RETURN OF THE ’80S JEANS MACHINE

Byline: David Grant Caplan

NEW YORK — From batwing sleeves and low-hanging chain belts to large loop earrings and Madonna-print T-shirts, many of the recent designer collections have embraced the excessive and extravagant Eighties with great vigour.
But the Eighties fashion revival has not been restricted to the runways at Bryant Park or the Carousel du Louvre. A resurgence in denim brands from the late Seventies and early Eighties is occurring, fueled in part by aggressive launches by some of that era’s biggest labels — Gloria Vanderbilt, Jordache and Sergio Valente.
While the Seventies and Eighties are hot decades in fashion right now, many retailers are not attributing the popularity of these brands solely to that trend.
“Eighties chic was a slight factor, but I think that the customer is looking for that sexy stretch thing,” said Kirsten Adams, a buyer for junior denim, swimwear and outerwear at Jackson, Mich.-based Jacobson’s, a 24-unit department store chain slated to receive the new Jordache Originals line in the spring.
“I really don’t think the average mall customer is getting that it’s from the Eighties,” said Barbara Lubel, a buyer for Garden City, N.Y.-based Epic Design Stores, a 30-store chain targeting the urban teenager and twentysomething consumer slated to receive shipments of Jordache Originals later this year. “They’re just loving the fit. Our customers are truly into the sexiness, the stretch and the comfort of the brand.”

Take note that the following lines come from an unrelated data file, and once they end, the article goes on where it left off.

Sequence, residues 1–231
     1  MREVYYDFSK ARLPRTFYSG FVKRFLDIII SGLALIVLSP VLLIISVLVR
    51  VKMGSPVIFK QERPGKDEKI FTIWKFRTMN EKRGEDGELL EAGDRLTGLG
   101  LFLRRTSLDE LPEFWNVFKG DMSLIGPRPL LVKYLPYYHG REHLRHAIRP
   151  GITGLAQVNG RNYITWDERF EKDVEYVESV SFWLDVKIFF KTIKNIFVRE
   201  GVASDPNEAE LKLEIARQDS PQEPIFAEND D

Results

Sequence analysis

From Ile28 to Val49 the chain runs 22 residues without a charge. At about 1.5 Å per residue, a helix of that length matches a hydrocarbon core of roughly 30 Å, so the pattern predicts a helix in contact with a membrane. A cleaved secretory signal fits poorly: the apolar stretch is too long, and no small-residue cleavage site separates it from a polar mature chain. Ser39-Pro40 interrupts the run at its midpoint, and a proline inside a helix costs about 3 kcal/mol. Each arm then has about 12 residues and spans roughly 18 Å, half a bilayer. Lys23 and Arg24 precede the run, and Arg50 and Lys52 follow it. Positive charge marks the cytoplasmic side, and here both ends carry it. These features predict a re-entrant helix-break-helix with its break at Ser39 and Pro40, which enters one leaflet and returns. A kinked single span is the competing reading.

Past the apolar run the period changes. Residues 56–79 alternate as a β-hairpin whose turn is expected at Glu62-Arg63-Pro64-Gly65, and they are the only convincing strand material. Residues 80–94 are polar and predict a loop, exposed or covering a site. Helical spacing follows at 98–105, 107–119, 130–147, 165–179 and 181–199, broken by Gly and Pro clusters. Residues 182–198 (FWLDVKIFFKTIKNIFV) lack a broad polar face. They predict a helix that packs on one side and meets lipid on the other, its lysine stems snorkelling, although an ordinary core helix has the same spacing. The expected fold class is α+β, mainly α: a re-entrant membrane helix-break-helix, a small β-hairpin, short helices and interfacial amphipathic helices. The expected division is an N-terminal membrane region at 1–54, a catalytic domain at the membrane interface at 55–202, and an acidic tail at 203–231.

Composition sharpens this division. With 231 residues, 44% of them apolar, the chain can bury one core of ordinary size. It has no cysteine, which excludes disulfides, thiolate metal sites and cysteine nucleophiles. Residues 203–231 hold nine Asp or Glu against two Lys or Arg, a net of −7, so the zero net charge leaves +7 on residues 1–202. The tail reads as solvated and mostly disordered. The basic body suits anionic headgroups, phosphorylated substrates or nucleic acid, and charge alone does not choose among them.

Brandi Weller, a buyer at the 20-unit Anaheim, Calif.-based junior chain Eye Candy, also expecting shipments of Jordache Originals, has the same theory.
“I just think it’s just a matter of denim being hot and the whole comeback of the Eighties,” she said. “Definitely, stretch is what is retailing right now, especially in darker washes.”
Liz Sweney, president of the women’s division at Plano, Tex.-based J.C. Penney Co., added: “I’m not sure if it’s because our consumer understands the whole Eighties-retro thing or not, but I do think the moderate consumer understands a great product at a great price made by a great brand.”
Kathryn Bufano, vice president of merchandise at Macy’s East, which sells Gloria Vanderbilt, said, “It has a retro name, it has a retro logo, but I don’t view it as a retro fashion trend.”
Steven Miska, president of Seattle Pacific Industries’ Sergio Valente division, said Eighties nostalgia may have had to do with the brand’s success three years ago, when “people were buying Sergio Valente in retro stores in SoHo,” but today the reasons for buying the brand are different.
“Originally, I think the Eighties had everything to with the relaunch,” he said. “But now in 2000, it’s selling to people who haven’t a clue that Sergio Valente existed in 1980. People are buying Sergio Valente because of our advertising campaign, increased consumer awareness and the fit and styling of the product.”